10 things we love about Sit Stay Read

About a year ago, I got the chance to sit down with a woman who was the director of a small dog therapy organization on the east coast. She had observed Maisie and I from afar, and when we met she confirmed that Maisie had the temperament for therapy work. She was especially impressed when she saw Maisie’s non-reaction to three small French Bulldogs that lunged at both of us while barking like maniacs. We were both startled, but Maisie stayed right by my side and kept walking as I guided the two of us around them.

She encouraged me to look into smaller groups in addition to the well known large groups. I was interested in working with children. When my kids were in grade school, I enjoyed volunteering in their classrooms. I also used to teach swimming lessons to 3 to 6 year olds at our local YMCA, and I missed being around kids that age. I found a list of therapy dog organizations on the AKC website and noticed Sit Stay Read located in Chicago. After reading about their goal to improve reading and literacy skills for Chicago Public School students, it appeared to be the perfect match for Maisie and me.

I attended two different training sessions to learn more about what we would be doing. When I felt like Maisie was ready, I scheduled her temperament test with their evaluator and was thrilled when she passed. I was required to do three different observations and then I brought Maisie to a school session for our final step. We entered the classroom as one of the dog teams and were observed by the dog team evaluator. She watched us both as we interacted with the students and advised us when we needed it. At the end of the hour, she happily welcomed us to the program!

We just finished our first six week session in one classroom and are in the middle of a session in another classroom. Each week, Maisie is more and more comfortable with the routine and she continues to impress me with her ability to bond with the kids. We will be in new classrooms after spring break and I’m so excited to get to know a new group of kids!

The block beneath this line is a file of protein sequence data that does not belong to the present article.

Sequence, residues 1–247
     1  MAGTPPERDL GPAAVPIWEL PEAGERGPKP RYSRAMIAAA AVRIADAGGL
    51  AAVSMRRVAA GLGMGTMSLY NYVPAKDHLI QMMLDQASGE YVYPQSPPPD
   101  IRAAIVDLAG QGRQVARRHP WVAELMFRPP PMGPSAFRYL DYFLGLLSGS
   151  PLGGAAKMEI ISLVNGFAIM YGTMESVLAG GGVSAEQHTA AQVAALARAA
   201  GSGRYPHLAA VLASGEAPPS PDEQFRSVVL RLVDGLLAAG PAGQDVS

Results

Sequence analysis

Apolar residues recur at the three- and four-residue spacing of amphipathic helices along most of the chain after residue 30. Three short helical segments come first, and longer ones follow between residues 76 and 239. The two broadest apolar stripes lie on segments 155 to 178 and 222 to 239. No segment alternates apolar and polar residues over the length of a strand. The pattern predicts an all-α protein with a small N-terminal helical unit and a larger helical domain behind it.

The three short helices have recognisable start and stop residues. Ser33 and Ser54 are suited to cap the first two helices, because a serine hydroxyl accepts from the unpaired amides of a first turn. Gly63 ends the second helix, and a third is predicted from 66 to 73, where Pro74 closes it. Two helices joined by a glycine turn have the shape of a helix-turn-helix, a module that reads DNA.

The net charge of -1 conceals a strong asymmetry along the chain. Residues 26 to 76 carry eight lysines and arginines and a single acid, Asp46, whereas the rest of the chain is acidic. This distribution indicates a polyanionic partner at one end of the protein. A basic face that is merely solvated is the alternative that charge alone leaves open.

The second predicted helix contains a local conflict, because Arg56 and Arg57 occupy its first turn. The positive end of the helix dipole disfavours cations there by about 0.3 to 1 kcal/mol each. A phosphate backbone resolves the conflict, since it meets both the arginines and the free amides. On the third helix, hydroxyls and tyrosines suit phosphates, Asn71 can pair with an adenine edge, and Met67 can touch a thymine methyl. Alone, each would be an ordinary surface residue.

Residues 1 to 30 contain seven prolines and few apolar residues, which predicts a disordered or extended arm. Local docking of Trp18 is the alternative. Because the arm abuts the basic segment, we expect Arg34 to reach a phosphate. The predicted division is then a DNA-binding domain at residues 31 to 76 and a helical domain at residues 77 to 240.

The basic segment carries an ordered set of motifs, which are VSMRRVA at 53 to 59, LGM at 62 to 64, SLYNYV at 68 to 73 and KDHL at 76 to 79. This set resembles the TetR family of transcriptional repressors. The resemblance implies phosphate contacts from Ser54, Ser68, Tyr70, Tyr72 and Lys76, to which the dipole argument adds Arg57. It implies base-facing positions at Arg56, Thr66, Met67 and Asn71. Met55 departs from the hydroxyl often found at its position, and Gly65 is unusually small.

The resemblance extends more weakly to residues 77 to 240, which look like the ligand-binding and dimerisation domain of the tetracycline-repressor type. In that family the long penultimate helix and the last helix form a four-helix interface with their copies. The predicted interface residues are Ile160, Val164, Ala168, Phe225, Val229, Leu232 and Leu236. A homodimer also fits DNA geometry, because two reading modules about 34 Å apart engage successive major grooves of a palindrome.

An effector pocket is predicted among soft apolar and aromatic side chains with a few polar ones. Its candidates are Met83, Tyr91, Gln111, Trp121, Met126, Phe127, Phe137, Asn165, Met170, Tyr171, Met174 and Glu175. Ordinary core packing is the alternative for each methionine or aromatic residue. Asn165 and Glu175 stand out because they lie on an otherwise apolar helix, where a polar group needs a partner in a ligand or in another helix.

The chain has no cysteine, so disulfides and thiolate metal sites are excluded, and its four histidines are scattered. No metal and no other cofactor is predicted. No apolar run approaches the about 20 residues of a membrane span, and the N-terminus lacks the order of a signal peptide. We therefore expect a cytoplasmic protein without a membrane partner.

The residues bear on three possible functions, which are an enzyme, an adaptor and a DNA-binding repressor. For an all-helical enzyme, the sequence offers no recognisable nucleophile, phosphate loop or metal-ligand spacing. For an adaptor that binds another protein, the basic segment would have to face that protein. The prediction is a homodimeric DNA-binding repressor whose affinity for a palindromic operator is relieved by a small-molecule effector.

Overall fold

1. A specific curriculum has been developed for each grade by a Program Advisory Committee that utilizes dog themed books and materials. You can read more about each grade level here.
  2. The first day of each session is dedicated to dog safety. The children learn about how to approach a dog, ask permission, let the dog sniff their hand and where the best place is to pet a dog. They also learn about the signals a dog may send to them. Student volunteers act out dog body language in different situations which is a lot more memorable than simply being told what to watch for.
  3. A program leader is always present to manage the classroom and introduce all of the volunteers. We have a pre-program meeting to go over the readings of the day and also the dog team question. We answer a new question each week that relates to the readings. For example, it might be describing a certain characteristic using rhyming, similes or alliteration. The program leader makes sure everything is running smoothly and jumps in wherever needed. They also read a few of the students’ stories or poems out loud and lead the Sit Stay Read keep reading cheer before we leave.
  4. At the end of each session, each student receives a bound collection of their stories or poems that they can keep as a souvenir.
  5. At the end of the school year, each participating school has a Keep Reading Celebration. The kids get to visit with a dog team one more time and they each receive a Summer Reading Fun Pack. The packs include pencils, erasers, crayons, a design-it-yourself notebook and an assortment of books. In 2017-2018 each student received SIX brand new books for all age groups for themselves and to read to their siblings!
  1. Belly rubs and treats!
  2. The smiles on all of the kids faces when Maisie and I walk in the room and spread out her blanket.
  3. When the kids settle in and relax next to her while they are reading the books and their poems.
  4. She loves wearing her bandana, it means she’s going to see the kids.
  5. She knows when to give a little extra loving to the kids that are completely at ease with her.

If you live in the Chicago area and would like to learn more about volunteering with Sit Stay Read as a dog team or a reading buddy click here.

We are a Therapy dog Team!

Last week, Maisie and I became a certified therapy dog team and what a long and bumpy road we have taken to get here!

A little over two years ago, I received some heartbreaking news about one of my oldest and dearest friends. I felt so helpless at the time and wished that there was something I could do.